Letter: Tell the horrid facts without titillation

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The Independent Online
Sir: The publication by national newspapers of the details of criminal trials involving minors, exemplified by Jonathan Foster's article 'Boy's horrific walk to death described to jury' (Front page, 2 November), plays an important role in assuring the public that the criminal justice system is functioning effectively, and with fairness. In addition, as in this particular piece, such reporting may play a further role in helping us to re-examine and perhaps alter our own behaviour.

I would venture that many readers of the Independent recoiled with horror from Jonathan Foster's account of the onlookers and passers- by who saw the distressed boy before his death, and failed to act. Perhaps, as a result of the article, those readers will have had their resolve steeled to intervene on the next occasion that they are confronted with an unfamiliar but patently troubled child.

However, I am concerned that the article displayed a tendency, not merely to report the facts surrounding the death of James Bulger, but to accentuate them. Mr Foster describes the boy's blood spraying the killers, his skull being smashed with bricks, and then his body being severed by a train.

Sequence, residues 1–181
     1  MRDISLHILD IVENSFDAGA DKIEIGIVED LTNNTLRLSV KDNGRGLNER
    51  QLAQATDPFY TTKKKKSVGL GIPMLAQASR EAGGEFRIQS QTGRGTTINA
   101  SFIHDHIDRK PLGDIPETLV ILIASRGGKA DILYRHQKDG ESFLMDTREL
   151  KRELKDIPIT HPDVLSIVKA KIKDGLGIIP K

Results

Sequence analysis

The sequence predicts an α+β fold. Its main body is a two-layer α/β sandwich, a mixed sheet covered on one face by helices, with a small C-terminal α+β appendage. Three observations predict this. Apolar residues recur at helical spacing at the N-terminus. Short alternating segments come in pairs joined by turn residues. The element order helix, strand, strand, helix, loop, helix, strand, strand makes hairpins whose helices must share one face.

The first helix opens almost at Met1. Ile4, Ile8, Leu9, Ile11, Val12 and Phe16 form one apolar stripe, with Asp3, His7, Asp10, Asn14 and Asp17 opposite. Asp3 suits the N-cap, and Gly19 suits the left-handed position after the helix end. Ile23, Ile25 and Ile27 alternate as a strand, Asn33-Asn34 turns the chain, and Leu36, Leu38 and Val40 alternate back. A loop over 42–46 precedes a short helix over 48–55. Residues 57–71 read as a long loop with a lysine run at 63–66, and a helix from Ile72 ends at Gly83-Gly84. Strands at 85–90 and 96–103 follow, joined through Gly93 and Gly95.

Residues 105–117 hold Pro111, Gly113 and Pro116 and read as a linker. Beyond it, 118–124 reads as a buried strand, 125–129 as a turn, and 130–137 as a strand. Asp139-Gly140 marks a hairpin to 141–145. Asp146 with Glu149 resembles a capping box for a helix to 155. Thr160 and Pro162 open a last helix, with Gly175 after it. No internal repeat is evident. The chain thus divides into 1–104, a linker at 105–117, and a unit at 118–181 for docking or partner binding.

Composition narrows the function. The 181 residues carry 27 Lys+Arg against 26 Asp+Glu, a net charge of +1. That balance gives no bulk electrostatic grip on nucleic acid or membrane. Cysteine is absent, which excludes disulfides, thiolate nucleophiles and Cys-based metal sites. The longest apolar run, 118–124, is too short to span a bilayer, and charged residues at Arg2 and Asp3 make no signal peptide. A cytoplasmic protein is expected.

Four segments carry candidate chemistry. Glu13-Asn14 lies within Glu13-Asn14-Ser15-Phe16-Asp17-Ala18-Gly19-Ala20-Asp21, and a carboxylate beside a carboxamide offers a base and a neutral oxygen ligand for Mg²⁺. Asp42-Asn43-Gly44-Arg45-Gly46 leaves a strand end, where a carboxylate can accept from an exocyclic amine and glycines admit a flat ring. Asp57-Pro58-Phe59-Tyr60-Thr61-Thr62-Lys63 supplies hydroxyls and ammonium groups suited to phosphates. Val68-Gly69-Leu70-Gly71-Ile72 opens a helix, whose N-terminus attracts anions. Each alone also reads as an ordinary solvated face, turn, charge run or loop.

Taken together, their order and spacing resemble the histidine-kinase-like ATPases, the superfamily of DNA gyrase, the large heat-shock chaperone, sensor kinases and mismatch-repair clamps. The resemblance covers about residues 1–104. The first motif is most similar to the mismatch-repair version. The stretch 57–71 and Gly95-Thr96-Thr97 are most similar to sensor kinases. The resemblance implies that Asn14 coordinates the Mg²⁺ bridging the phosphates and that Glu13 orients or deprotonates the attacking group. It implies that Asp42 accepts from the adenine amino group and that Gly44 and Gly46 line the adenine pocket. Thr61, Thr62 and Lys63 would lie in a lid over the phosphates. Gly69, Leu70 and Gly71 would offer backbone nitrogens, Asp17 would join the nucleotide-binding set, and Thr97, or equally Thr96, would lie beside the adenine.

Yes, I accept that these appalling events occurred, however, I would argue that the reporting of the facts should be done in such a way that it eschews any suggestion of titillation while remaining a true account. Unfortunately, the extent to which Mr Foster's article repeatedly highlights the child's violent degradation, and the reporting of irrelevant factual and courtroom minutiae, carries with it just such a suggestion: and by doing so demeans the paper and its very readers.

Yours faithfully,


London, NW7

2 November